Taylor and Tyler Rogers: What these Identical Twin Pitchers Tell Us About Genes, Performance, and the Making of a Major League Ballplayer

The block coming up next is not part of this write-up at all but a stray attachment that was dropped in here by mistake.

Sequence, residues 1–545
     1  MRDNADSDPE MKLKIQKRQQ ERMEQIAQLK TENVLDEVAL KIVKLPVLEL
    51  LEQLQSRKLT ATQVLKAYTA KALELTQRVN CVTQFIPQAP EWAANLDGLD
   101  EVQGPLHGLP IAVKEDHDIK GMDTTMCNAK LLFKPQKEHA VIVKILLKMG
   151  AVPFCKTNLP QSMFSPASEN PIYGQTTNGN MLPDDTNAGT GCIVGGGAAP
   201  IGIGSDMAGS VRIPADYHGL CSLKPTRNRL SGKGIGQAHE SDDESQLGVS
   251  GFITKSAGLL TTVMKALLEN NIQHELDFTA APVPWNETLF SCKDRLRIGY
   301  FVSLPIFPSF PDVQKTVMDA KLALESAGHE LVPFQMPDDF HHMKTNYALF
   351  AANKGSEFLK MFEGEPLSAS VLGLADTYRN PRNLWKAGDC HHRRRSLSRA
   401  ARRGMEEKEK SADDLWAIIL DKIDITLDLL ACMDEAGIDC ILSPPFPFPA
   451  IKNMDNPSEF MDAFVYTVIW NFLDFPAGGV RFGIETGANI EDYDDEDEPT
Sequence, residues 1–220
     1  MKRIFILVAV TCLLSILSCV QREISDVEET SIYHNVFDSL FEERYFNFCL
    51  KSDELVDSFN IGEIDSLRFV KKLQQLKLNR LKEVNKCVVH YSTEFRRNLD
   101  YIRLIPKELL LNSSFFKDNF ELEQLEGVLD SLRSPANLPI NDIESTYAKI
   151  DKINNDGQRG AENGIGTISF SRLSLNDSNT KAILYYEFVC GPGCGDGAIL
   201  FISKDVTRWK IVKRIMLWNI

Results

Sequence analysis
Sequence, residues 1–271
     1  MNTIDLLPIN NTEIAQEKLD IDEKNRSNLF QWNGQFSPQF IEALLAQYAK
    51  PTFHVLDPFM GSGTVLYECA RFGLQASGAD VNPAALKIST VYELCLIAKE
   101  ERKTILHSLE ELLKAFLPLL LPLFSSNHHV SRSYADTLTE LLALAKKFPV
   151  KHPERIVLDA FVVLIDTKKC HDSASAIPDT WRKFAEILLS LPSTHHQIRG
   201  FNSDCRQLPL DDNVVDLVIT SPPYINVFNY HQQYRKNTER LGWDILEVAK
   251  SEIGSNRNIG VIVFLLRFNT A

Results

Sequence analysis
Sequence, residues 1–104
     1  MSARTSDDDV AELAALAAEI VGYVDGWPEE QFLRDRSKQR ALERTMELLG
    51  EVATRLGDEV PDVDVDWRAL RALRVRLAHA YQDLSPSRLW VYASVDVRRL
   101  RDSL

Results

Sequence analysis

Talking to Taylor and Tyler Rogers, who became the first set of identical twins to pitch against each other in a Major League Baseball game in April, can feel like, as Yogi Berra put it, déjà vu all over again.Identical twins are perfect genetic copies of each other, and the physical similarities between the two relief pitchers are striking, their remarks and mannerisms uncannily alike. But they pitch in wildly different ways. Taylor (career ERA: 3.14), who plays for the San Diego Padres, is the more conventional of the two, and throws much harder, topping out around 98 mph. Tyler (career ERA: 3.08), a San Francisco Giant, is a submariner who relies on unusual mechanics and movement to succeed.This divergence might seem curious, but for researchers who study twins, it’s not exactly surprising. The Rogers brothers are mirror image twins, meaning that one is left-handed (Taylor) while the other right-handed (Tyler). Physical reversals like this are common in identical twins—not just handedness but also fingerprints, the direction of their hair whorl, and small physical attributes like birth marks. Identical twins can also differ in all kinds of bigger ways, including intelligence, personality, running speed, height, and weight. In fact, studies of identical twins have become a key tool in the study of human genetics—it’s an ideal way to study the power of environmental influence—and the different paths the Rogers brothers took to the big leagues is a fascinating look into the making of a pro ballplayer. Like many identical twins, Tyler and Taylor share a lot. While sitting in their dugouts before their teams played a Friday night game in May, they noted that they are the same height and nearly the exact same weight. In high school they shared a truck, a Toyota T100 with 200,000 miles on it, and a single cell phone. One got to drive the pickup while the other had the phone; the next week they switched. They separately pointed out that they were dressed the same until they could dress themselves–with one deviation.“We had the same clothes, but they were different colors,” said Taylor. (He was always in blue while Tyler wore green.)Even their differences are similar: the best they could come up with is that they disagree on which of mom’s casseroles the other likes best. The other disagreement, and that might be too strong a word, is about what it means to be on time. “He’s not showing up late,” said Taylor of Tyler, “but he’s just not early.”The Rogers brothers are the tenth set of identical twins to both play in the MLB, and the first since 2003, and it would be easy to assume that they simply hit the genetic lottery—but it was a little more complicated than that, and Tyler’s route had far more twists and turns.“In high school Taylor was the big star—junior year in high school he was all-state and I was on JV. He had big aspirations of being a Major League Baseball player, and I just had fun playing baseball,” said Tyler. “Obviously when you’re on JV and your brother is playing varsity you really don’t think Major League Baseball is that attainable for you.”